In fact, the Wasatch Range is a rugged area that regularly gets pounded by winter storms — producing more than 500 in. per year in some places.
But, as in California, Utah snow-sport lovers, and truckers that drive I-80 through the Wasatch Range, must be able to rely on experts doing the grunt work of clearing the roadway.
UDOT's snow team includes roughly 481 full-time plow drivers, plus 80 construction staff and seasonal employees with commercial driver's licenses who can operate snowplows. The statewide fleet consists of 508 snowplow trucks, 11 self-propelled snowblowers and 13 TowPlows.
Wasatch Peaks Take a Hammering Each Winter
On the eastern outskirts of Salt Lake City, I-80 winds through Parley's Canyon and toward the self-same-named Summit at 7,120 ft. Here the interstate is the highest point for the roadway in Utah — one that is regularly buried by deep snow each season.
"Last year was a pretty heavy winter for us," explained Daniel Page, UDOT's director of Maintenance, Asset & Facility Management. "Between Parley's, Little Cottonwood and Big Cottonwood canyons [all near Salt Lake City] is our most concentrated area for snowfall. It's not uncommon in Parley's Canyon and the other areas to see three- to four-inches an hour for a considerable amount of time."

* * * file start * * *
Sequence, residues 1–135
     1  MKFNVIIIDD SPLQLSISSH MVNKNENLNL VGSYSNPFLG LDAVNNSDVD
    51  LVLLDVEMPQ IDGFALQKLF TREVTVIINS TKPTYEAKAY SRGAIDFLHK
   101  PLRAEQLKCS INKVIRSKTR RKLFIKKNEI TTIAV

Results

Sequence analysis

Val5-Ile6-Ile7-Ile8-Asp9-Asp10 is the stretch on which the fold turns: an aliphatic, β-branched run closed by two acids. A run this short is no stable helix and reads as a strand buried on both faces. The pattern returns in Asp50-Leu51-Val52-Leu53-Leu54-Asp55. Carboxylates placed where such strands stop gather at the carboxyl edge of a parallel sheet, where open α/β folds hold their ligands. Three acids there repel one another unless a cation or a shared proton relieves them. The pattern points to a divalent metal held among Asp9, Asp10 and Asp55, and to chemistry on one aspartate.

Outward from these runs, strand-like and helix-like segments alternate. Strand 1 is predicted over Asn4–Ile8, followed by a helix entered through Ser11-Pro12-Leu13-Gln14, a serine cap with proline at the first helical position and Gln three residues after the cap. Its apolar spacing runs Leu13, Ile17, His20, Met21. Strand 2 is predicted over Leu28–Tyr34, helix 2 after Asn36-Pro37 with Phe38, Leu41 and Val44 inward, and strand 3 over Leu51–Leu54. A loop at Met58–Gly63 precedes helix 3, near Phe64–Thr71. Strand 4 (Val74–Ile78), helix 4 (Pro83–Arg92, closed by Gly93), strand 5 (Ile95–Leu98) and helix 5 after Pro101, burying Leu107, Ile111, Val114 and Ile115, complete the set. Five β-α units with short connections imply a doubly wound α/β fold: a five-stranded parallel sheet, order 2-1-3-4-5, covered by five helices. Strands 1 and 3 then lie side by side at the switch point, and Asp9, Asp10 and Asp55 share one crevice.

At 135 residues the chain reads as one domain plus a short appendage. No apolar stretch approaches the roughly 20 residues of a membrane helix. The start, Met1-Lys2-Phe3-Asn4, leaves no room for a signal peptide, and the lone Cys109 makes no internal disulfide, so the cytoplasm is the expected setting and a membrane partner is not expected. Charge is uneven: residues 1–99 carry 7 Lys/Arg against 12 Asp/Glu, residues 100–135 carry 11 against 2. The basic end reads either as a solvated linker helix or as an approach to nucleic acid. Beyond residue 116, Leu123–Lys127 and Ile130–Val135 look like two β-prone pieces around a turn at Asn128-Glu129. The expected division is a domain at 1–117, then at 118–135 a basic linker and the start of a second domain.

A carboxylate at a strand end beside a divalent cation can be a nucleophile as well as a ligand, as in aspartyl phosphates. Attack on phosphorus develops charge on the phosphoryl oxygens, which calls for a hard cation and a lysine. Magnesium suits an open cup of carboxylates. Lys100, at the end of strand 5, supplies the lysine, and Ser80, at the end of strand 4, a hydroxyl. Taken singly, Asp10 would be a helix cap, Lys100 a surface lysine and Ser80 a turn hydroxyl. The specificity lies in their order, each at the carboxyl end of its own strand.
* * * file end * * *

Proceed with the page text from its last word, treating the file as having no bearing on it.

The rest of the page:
Page said UDOT relies heavily on snowplows mounted on big dump trucks, as well as trailer-mounted plows.
UDOT prefers to employ the echelon plowing method on many freeways, where several dump-truck snowplows move along the road in a staggered formation. Page described the practice as being much faster than what can be accomplished in one pass by a single snowplow. UDOT promotes echelon plowing because it clears the major routes quickly and efficiently, he said.
The combination of deep snow and steep grades can cause problems with a plow operation, but for those trucks designated to work in the higher elevations, UDOT mechanics boost their horsepower and outfit them with higher torque range, Page explained.